The Minority in Parliament has accused the government of increasing the Value Added Tax (VAT) through the ‘back door.’
It said the deception would fall flat and Ghanaians would bear the brunt of the increases.
It said the announcement by the Minister of Finance, Mr Ken Ofori-Atta-Atta, to change the 2.5 per cent Health Insurance Fund Levy (HIFL) and the 2.5 per cent Ghana Education Trust Fund (GETFund) levy on VAT into a flat levy would increase the tax liabilities of manufacturers, wholesalers and retailers.
It said the prices of goods and services would definitely go up with the implementation of the ‘new VAT policy’.
The Minority Leader, Mr Haruna Iddrisu; the Deputy Minority Leader, Mr James Avedzi, and the Ranking Member on the Finance Committee and Minority Spokesperson on Finance, Mr Cassiel Ato Forson, spoke in separate interviews with the Daily Graphic after the Finance Minister had presented the mid-year fiscal policy review of the 2018 budget statement and economic policy of the government in Parliament in Accra yesterday.
In his presentation, Mr Ofori-Atta said the government was consolidating contributions to the HIFL and the GETFund portion of VAT into a separate Health and Education Levy.
“This will enable the government to isolate and increase the budget for health and education. Both the HIFL and the GETFund levies will continue to be 2.5 per cent each, while the applicable VAT rate is 12.5 per cent,” he said.
Minority Leader raises issues
Mr Iddrisu said with the announcement of the Value Added Tax policy shift, there would be changes in the VAT Law.
That, he said, would lead to an increase in tax liability for manufacturers, wholesalers and retailers between input VAT of 12.5 per cent and value added at 17.5 per cent.
“A review and amendment of the law will expose the minister and the government,” he said.
Mr Iddrisu, who is the Member of Parliament (MP) for Tamale South, said Mr Ofori-Atta did not comply with Section 28 (1) (c) of the Public Financial Management Act (PFMA) when he used data from January to May 2018.
He said the law required the minister to use data for six months and indicated that “we (the Minority members) cannot rely on his data, since they are incomplete”.
He said Mr Ofori-Atta presented a pick-and-choose budget, taking credit for the supposed positives and shifting the goal posts with the downsides.
“He came to present a cherry pick-and-choose budget. Where it is good, he says we have done well, and where it is bad, he says challenges,” he said.
For instance, Mr Iddrisu said, Mr Ofori-Atta attributed the depreciation of the cedi to external pressure.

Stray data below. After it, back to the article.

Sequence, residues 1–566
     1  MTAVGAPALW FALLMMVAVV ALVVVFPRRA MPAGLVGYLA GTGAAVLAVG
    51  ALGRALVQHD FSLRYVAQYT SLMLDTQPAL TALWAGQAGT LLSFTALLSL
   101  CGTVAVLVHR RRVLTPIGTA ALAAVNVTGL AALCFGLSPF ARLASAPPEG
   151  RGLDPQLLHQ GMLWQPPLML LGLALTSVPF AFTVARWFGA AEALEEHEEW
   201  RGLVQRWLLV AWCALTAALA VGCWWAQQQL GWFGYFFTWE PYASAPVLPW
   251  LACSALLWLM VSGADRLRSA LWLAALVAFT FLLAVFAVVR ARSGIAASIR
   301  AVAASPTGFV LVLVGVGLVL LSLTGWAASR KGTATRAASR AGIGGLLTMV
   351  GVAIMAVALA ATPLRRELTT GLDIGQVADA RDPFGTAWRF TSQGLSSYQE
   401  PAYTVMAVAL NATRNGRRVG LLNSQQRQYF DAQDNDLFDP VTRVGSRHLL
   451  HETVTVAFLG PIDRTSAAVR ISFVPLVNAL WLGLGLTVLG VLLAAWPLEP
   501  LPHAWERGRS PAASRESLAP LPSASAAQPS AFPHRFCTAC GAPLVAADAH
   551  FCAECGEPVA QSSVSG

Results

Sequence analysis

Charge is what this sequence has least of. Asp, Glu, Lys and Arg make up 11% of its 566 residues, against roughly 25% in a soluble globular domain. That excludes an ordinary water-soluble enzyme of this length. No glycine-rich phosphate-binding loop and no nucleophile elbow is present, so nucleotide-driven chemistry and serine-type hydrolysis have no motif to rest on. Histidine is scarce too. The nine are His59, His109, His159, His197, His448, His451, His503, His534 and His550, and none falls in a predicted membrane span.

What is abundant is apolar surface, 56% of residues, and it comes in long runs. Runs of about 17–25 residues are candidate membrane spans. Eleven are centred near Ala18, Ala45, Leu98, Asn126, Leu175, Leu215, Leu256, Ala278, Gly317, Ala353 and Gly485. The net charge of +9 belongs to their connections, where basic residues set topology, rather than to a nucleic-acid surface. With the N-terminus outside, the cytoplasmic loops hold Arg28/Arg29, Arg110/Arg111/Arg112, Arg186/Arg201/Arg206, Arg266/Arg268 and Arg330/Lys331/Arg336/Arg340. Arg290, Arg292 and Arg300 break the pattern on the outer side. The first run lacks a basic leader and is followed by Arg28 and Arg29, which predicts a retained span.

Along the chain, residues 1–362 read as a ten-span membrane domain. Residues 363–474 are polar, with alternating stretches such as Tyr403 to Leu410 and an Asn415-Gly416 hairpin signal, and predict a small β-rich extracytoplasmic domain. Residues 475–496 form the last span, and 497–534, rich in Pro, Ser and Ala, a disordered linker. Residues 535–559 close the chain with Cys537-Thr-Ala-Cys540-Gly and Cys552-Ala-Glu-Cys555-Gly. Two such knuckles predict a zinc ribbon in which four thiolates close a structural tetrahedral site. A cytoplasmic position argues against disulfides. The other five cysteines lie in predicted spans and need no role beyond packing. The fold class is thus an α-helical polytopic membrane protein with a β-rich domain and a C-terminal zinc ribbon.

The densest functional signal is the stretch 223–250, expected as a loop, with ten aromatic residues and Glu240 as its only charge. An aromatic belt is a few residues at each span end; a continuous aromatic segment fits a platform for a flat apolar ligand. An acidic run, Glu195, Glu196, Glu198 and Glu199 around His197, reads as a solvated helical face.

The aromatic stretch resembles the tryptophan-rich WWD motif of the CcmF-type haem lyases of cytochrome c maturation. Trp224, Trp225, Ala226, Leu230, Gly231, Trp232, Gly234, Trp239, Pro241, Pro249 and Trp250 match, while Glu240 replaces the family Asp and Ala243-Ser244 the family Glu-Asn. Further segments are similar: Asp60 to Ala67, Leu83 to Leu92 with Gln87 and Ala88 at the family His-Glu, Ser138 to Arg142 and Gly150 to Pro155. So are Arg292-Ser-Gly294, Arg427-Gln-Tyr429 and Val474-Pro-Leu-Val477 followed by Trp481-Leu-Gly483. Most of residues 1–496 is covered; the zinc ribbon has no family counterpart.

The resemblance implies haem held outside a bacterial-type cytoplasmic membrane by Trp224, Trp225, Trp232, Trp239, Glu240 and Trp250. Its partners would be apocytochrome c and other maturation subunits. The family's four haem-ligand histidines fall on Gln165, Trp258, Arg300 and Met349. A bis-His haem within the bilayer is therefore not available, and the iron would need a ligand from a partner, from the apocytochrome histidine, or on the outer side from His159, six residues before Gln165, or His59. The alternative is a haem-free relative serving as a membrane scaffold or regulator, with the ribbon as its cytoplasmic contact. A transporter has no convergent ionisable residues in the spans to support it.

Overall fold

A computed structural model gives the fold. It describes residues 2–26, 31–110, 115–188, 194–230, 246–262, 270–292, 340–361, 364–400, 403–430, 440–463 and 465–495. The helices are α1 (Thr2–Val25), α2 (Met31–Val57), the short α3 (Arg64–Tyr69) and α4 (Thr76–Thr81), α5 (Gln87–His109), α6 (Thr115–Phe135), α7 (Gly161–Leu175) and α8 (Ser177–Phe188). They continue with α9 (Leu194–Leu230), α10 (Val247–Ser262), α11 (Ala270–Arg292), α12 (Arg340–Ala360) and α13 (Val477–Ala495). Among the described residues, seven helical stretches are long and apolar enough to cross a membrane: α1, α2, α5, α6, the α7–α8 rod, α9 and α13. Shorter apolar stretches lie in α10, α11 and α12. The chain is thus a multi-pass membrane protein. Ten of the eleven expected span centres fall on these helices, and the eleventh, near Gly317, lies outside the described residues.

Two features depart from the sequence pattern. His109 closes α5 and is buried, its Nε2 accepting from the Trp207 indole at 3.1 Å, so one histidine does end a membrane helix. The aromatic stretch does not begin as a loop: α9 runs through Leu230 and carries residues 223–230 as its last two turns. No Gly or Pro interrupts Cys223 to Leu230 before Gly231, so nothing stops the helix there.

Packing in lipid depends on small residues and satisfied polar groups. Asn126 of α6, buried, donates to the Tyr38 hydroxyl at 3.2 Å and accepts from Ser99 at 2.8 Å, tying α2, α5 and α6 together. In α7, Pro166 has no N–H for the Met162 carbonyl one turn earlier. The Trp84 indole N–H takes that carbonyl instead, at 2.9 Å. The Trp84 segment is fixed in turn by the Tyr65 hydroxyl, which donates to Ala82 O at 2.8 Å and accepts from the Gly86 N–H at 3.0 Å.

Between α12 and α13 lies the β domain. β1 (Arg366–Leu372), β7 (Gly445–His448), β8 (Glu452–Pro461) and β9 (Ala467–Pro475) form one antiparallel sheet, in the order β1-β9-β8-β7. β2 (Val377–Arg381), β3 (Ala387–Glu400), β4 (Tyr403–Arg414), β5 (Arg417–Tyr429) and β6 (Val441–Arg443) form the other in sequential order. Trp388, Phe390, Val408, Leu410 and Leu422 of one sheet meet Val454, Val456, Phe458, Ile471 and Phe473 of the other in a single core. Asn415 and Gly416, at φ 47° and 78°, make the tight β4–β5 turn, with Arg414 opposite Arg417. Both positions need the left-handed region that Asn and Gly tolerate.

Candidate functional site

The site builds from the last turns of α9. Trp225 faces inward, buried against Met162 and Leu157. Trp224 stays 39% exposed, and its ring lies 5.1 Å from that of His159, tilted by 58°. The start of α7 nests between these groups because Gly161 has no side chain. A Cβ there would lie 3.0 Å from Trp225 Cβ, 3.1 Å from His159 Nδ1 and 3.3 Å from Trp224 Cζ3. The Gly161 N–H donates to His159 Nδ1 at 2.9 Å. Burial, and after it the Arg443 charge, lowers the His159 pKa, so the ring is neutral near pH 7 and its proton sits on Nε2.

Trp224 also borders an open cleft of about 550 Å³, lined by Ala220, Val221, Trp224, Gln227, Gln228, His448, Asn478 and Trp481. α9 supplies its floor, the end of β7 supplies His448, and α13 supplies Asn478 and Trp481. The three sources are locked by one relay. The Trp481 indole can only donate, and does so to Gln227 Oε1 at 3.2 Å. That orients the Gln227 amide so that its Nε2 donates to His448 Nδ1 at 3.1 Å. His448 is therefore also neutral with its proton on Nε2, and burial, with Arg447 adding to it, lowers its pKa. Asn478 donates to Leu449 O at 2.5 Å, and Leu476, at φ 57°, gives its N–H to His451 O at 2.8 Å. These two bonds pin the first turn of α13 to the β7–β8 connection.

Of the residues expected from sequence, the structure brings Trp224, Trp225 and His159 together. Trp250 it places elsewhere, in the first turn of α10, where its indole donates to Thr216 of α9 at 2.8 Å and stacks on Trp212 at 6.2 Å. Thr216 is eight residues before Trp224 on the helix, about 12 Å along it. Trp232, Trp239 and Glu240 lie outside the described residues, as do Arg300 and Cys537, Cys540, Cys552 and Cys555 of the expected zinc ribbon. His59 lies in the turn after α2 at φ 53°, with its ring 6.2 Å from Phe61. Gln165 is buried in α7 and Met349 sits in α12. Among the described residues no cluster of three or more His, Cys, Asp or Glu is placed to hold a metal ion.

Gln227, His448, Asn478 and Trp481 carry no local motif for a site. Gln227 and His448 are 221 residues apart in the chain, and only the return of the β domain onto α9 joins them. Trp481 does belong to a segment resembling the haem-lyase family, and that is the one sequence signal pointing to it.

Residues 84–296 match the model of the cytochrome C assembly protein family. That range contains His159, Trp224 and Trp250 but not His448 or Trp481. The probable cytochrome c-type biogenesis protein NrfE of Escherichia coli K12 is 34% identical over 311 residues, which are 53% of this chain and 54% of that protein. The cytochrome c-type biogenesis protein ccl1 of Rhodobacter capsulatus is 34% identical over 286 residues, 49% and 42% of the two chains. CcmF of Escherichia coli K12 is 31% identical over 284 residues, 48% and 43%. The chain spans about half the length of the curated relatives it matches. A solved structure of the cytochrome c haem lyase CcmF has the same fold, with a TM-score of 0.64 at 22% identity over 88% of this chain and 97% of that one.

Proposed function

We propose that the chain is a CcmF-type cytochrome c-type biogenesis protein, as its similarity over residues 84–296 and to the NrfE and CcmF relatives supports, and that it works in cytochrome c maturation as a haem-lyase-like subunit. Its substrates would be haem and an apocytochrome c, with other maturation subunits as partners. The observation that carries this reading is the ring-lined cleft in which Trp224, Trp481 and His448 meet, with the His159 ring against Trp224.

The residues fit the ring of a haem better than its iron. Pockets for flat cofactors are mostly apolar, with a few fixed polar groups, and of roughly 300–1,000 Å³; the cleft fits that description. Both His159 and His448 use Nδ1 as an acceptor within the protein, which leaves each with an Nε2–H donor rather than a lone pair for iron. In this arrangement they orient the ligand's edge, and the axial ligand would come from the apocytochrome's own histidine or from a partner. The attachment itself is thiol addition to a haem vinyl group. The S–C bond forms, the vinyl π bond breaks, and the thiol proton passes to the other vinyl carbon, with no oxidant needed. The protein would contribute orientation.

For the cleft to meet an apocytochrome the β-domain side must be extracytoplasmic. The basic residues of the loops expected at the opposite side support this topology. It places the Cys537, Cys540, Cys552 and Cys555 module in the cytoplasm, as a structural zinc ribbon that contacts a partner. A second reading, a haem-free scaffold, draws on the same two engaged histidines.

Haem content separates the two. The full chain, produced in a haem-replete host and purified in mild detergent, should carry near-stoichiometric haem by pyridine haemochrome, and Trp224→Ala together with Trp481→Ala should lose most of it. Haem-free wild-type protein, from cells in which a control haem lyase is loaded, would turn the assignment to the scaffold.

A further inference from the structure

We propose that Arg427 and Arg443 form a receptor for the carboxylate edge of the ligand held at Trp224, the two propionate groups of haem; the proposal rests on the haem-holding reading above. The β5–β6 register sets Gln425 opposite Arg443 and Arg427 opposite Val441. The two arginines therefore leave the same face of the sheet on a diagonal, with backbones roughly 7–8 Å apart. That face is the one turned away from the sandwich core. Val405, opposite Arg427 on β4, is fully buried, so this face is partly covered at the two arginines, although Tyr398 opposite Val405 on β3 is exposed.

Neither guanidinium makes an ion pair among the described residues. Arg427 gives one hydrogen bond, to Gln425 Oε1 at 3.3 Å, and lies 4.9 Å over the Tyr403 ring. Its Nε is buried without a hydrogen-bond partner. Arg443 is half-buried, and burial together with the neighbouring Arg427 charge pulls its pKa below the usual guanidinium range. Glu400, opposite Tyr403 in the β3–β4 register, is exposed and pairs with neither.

Again, he said, the minister rather spoke of huge arrears in the payment of allowances to teachers and nurses and indicated that Minority members would be measuring him by honouring the obligations to teachers and nurses, instead of the reference to arrears.
On growth, the Minority Leader said the New Patriotic Party (NPP) pledged double-digit growth of the economy in its manifesto but that was not the case now.
“It is not what we are witnessing and they themselves are projecting a decline in growth (non-oil) between now and 2020,” he said.
He said Mr Ofori-Atta was silent on how the government was addressing growing unemployment and hopelessness among the youth, especially school leavers.
“The International Monetary Fund (IMF) even today notes a decline in revenue and its consequence on fiscal stabilisation,” he said.
The tax “imposition”
Mr Avedzi wondered why the government would change the TAX policy if there was no difference.
“Is it just a change of name or semantics? No, the minister, in his presentation, said the policy of changing from VAT to a flat rate or levy of 2.5 per cent was bringing in additional revenue to the government. Who is paying that additional revenue? The people of this country — you and me who consume,” he said.
He said the prices of goods and services would go up as soon as the implementation of Value Added Tax (VAT) is rolled out because the government would start applying the 2.5 per cent, but not on the value added but on the total value of the goods.
Mr Avedzi, who is the MP for Ketu North, said with the new VAT system, wholesalers would apply VAT on the total cost of goods on the consumer, but the VAT paid on the goods to the government would not be refunded to the wholesaler, as was the case now.
No celebration yet
Explaining further, Mr Forson said a Value Added Tax (VAT) registered person had the opportunity to offset his input VAT against his output VAT and pay the difference to the government.
However, he said “now that five per cent has become a straight line levy and has been exempted from VAT, it means that going forward, you will not have that opportunity to offset that five per cent from your output VAT. So you are paying more. That is what it means and we should not be celebrating yet”.
“The truth is that it is an imposition of VAT. Prices of goods and services are going to go up. Let us all watch the coming days,” he stressed.